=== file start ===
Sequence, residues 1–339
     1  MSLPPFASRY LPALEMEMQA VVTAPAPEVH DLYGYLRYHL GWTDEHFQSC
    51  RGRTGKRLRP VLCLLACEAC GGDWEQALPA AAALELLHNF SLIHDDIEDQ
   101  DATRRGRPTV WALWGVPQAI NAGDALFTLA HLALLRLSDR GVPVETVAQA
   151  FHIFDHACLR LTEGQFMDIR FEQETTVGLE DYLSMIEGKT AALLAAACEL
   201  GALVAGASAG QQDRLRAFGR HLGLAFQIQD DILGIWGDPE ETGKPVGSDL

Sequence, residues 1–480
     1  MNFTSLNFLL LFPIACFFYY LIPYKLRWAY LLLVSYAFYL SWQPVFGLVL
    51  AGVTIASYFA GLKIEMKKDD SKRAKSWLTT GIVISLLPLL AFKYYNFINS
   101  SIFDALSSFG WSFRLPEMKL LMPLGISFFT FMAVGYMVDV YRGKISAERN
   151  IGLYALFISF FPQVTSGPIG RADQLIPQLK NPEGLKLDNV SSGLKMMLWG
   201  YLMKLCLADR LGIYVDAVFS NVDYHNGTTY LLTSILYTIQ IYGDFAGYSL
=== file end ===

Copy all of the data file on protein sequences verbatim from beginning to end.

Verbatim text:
Sequence, residues 1–339
     1  MSLPPFASRY LPALEMEMQA VVTAPAPEVH DLYGYLRYHL GWTDEHFQSC
    51  RGRTGKRLRP VLCLLACEAC GGDWEQALPA AAALELLHNF SLIHDDIEDQ
   101  DATRRGRPTV WALWGVPQAI NAGDALFTLA HLALLRLSDR GVPVETVAQA
   151  FHIFDHACLR LTEGQFMDIR FEQETTVGLE DYLSMIEGKT AALLAAACEL
   201  GALVAGASAG QQDRLRAFGR HLGLAFQIQD DILGIWGDPE ETGKPVGSDL

Sequence, residues 1–480
     1  MNFTSLNFLL LFPIACFFYY LIPYKLRWAY LLLVSYAFYL SWQPVFGLVL
    51  AGVTIASYFA GLKIEMKKDD SKRAKSWLTT GIVISLLPLL AFKYYNFINS
   101  SIFDALSSFG WSFRLPEMKL LMPLGISFFT FMAVGYMVDV YRGKISAERN
   151  IGLYALFISF FPQVTSGPIG RADQLIPQLK NPEGLKLDNV SSGLKMMLWG
   201  YLMKLCLADR LGIYVDAVFS NVDYHNGTTY LLTSILYTIQ IYGDFAGYSL